Showdown at Gucci Gulch

Showdown at Gucci Gulch chronicles the tax reform effort in the early-mid 80s during the Reagan administration. This was a notable law making effort as it closed many tax loopholes while removing roughly 4M lower income people from the tax rolls. All of this occurred during a Republican administration who had recently passed a separate tax act in 1981 which many argued increased loopholes and was approaching anti-reform. Written by two Wall Street Journal reporters in 1987, roughly a year after the Tax Reform Act passed, the book is a time capsule for that political period. It is also a great insight into policy making and the legislative process. It follows the reform effort from early failed efforts to the final bill coming out of conference committee. Despite the fact that this might appear to be a rather dry subject, the book wraps it in a readable narrative with compelling political characters. You appreciate how difficult policy making, and particularly tax policy making is. I picked this one up because of the 2017 tax “reform” and I was struck by the parallels in some of the proposals and yet very different final outcome.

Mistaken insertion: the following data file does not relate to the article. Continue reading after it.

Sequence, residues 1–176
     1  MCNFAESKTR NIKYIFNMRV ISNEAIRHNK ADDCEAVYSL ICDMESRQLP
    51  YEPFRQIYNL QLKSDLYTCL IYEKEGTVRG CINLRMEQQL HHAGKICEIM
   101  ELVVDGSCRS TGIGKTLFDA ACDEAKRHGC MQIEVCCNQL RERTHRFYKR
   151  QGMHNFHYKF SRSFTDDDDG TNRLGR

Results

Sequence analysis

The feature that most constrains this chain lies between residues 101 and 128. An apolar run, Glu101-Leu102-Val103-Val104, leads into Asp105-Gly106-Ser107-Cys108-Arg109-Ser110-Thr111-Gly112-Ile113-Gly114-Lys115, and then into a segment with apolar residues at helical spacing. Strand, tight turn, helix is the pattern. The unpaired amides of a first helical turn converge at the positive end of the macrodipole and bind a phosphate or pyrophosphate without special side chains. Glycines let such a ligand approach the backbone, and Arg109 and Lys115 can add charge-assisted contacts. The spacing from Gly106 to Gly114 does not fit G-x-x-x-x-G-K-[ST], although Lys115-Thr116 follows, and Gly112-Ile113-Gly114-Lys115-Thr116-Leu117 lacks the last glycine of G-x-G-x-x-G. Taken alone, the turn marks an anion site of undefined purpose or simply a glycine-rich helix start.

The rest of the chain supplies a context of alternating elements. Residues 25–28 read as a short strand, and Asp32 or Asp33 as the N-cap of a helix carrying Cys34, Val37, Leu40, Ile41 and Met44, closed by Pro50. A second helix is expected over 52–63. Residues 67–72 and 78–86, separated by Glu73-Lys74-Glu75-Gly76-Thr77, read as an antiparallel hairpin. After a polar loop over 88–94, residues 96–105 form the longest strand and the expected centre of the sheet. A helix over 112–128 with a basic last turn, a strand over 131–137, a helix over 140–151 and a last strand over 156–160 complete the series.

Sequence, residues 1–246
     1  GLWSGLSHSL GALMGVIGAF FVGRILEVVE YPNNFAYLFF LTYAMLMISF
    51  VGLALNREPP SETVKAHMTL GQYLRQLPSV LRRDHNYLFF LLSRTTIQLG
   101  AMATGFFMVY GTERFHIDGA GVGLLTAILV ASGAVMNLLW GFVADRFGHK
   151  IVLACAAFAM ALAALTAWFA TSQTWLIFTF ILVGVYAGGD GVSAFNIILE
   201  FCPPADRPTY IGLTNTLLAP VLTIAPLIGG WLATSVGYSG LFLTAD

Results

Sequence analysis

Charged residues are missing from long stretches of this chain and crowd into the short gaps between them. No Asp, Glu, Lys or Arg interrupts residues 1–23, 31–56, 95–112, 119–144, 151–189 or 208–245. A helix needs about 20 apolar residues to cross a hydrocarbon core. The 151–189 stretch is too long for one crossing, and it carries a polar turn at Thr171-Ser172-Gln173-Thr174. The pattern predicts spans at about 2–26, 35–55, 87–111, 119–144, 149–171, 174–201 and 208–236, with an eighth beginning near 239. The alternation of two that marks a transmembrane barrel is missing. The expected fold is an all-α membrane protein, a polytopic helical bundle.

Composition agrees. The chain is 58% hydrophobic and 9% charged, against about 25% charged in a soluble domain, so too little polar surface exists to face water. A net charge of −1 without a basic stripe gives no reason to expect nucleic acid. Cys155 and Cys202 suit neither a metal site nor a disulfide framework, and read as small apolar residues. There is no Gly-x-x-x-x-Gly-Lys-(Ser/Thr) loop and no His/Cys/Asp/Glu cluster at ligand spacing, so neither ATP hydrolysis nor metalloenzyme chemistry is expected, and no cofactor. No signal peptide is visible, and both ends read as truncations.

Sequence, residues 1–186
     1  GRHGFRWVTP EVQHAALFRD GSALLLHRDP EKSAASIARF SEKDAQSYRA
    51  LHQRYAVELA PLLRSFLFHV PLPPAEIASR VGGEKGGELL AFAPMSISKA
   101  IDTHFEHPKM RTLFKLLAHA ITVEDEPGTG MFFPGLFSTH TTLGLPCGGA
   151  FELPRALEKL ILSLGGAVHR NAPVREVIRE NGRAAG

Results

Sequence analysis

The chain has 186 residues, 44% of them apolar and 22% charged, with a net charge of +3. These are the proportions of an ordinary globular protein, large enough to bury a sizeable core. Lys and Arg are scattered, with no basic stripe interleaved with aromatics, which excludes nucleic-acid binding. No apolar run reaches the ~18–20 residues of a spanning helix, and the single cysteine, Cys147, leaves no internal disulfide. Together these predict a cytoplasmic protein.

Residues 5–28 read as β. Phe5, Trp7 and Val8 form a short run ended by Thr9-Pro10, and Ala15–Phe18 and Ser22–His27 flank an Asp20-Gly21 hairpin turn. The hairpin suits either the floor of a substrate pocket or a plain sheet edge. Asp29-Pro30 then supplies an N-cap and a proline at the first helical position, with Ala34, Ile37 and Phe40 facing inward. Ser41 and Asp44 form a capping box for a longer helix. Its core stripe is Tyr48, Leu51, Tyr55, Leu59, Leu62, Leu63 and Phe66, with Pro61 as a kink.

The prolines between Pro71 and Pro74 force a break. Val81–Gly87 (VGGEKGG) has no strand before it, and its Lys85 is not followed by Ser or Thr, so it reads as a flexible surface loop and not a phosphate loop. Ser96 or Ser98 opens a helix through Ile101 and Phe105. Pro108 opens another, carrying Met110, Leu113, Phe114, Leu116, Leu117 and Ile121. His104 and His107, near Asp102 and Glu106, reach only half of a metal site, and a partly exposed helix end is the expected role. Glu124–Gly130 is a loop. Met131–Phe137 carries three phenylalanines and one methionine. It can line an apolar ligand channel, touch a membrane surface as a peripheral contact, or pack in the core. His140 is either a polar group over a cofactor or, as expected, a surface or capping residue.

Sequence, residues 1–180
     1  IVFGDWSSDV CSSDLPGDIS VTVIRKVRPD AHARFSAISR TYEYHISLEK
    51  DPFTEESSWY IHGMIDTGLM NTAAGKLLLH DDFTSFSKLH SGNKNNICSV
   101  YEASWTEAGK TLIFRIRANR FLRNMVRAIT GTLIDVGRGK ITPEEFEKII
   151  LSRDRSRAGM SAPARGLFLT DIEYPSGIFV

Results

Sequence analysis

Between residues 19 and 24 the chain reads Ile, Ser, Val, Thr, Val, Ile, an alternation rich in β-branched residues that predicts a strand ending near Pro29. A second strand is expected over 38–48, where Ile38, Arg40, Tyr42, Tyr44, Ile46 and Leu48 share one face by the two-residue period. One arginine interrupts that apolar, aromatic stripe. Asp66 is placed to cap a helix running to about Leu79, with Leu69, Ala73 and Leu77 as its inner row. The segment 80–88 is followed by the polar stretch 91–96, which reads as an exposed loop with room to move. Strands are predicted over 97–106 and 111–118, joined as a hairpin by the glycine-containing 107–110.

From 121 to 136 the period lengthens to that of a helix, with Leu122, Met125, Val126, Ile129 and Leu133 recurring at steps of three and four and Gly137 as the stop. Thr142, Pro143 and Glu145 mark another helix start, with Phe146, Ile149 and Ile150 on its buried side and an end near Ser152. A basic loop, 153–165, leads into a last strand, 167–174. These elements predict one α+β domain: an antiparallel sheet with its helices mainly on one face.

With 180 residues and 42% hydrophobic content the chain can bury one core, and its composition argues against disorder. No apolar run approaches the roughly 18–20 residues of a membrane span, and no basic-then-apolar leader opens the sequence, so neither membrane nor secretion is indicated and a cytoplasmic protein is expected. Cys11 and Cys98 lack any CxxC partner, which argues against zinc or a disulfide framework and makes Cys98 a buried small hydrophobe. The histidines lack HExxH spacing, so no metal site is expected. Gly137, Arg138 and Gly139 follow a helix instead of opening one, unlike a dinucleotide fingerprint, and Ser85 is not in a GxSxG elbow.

Interesting Tidbits:

  • I found the NBA player turned senator, Bill Bradley, to be an interesting figure that I knew little about.
  • There was a swapping of Chief of Staff and Sec. Treasury during this process: Jim Baker <-> Donald Regan
  • During one of the proposals it was calculated that tax income levels should be 16/28/37%, these were eschewed for the better “sounding” 15/25/35
  • Big miss-calculation: Off by 150 B being added to deficit was blamed on a “programming error”
  • “Write Rosy” and Dan Rostenkowski

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